We usually think of museums as repositories for the past, from Edison’s lightbulb and Bell’s telephone to the first Apollo rockets — but what happens when a museum explores the future? This is the question animating “FUTURES,” a brand-new exhibition at the Smithsonian’s Arts and Industries Building, debuting this fall in honor of the 175th anniversary of America’s museum.
As part of this nine-month, building-wide exploration of the future, curators from Smithsonian invited Arizona State University’s Center for Science and the Imagination to collaborate with Smithsonian research teams and envision possible future timelines informed by the inquiries, investigations and field research happening today at Smithsonian museums and laboratories all around the world. This portion of the overall exhibit is called “Future Visions 2071.”
“Museums are used to looking back into history,” said curator Glenn Adamson, “but gazing into the future is a lot more unusual. In this project, we were able to pair historians and scientists with specialists in imagining tomorrow — it was the perfect way to mark the 175th anniversary of the Smithsonian, which has always been an engine of the future.”
Throughout the winter and spring of 2021, the Center for Science and the Imagination convened eight teams of scholars and experts from Smithsonian museums and research centers, including the National Air and Space Museum, the Smithsonian Conservation Biology Institute, and the National Museum of African American History and Culture, to explore potential futures for their institutions, their areas of research and the communities they serve.
These discussions were bolstered by queries, prompts and speculative leaps from award-winning artist Brian Miller, and acclaimed science fiction writers Tochi Onyebuchi and Madeline Ashby, who brought these “future visions” to life through forward-looking exhibition posters and flash fiction stories — full narratives, all fewer than 2,000 words — set in the year 2071.
“Futures are not determined by just one decision-maker. Instead they’re built on countless cycles of deliberation, adaptation and inspiration drawn from multiple sources,” said Ruth Wylie, assistant director at the Center for Science and the Imagination. “The workshops distilled this process, activating a collaborative imagination between scientists, museum staff and the artists to envision the next 50 years of innovation and discovery.”
“Future Visions 2071” represents the wide array of contemporary, compelling scholarship happening at the Smithsonian’s various units — work that grapples with some of the most challenging topics on our shared horizon, including the ethics of asteroid mining and other off-world extraction, voting rights amid shifting identities and social arrangements, and how current studies on tropical ecosystems may inform how we live on an increasingly warming planet.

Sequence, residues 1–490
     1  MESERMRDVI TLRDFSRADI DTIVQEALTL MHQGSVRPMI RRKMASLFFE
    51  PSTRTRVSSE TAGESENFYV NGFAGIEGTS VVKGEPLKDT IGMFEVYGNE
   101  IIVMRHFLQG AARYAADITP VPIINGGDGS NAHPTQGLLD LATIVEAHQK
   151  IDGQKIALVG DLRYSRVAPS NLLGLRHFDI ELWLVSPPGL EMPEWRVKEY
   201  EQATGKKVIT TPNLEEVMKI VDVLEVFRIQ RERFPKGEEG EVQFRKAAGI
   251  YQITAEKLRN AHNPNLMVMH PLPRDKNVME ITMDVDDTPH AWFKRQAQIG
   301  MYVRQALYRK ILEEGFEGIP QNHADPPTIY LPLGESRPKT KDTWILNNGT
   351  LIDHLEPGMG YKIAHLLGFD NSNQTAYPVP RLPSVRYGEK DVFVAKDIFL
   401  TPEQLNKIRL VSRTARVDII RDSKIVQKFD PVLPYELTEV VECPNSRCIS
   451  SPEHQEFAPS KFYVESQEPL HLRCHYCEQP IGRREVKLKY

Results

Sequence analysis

Following in the Smithsonian’s rich tradition of curation and interpretation, this new collection of stories and art brings human-centered narratives to the technical research and groundbreaking discoveries shaping our world, providing patrons firsthand experience with possible futures and their many complexities, rather than a staid recitation of the facts and theories that underpin them. All eight posters and their corresponding stories will be on display at the Arts and Industries Building when “FUTURES” debuts on Nov. 20.
This project marks another successful collaboration in future visioning from the Center for Science and the Imagination, which has previously been called on by NASA, Google, the World Bank and others to use the methods of speculative fiction, scenario planning and worldbuilding as a way to engage the public in critical conversations about science, technology, society and the future.
For Ashby, a strategic foresight consultant and longtime Center for Science and the Imagination collaborator, the stakes were even higher.
“Writing for this exhibition challenged me to be fearlessly hopeful, in a way that I’m usually not,” she said. “But when I put myself in the shoes of the museum’s visitors, I realized I was telling stories for the whole of America — including people who are very different from me, who have different views and experiences from mine and who might not be familiar with my genre. I thought about a grandparent reading a story to their grandchild. I thought about the conversations that might arise from there. When I thought of it that way, I was able to focus more intently on the hopes multiple generations might share.”
Onyebuchi echoed that optimistic reaction.
“Working with and listening to these researchers and curators, these custodians not just of history but also of curiosity itself, vastly expanded my ideas of the possible,” he said. “There is crisis at work but also hope. That is what I felt whenever I left these conversations to work on these stories: hope.”
Stories and art from “Future Visions 2071” are available now on Future Tense, a partnership with Slate, New America and ASU. To celebrate the launch, Future Tense will host a free online panel conversation between Miller, Ashby and Onyebuchi, moderated by Adamson and Wylie, at noon EST, Tuesday, Nov. 9.
The overall exhibit “FUTURES” will be open to the public from Nov. 20–July 6 at the Smithsonian’s Arts and Industries building in Washington, D.C. For more information, the public can visit aib.si.edu.
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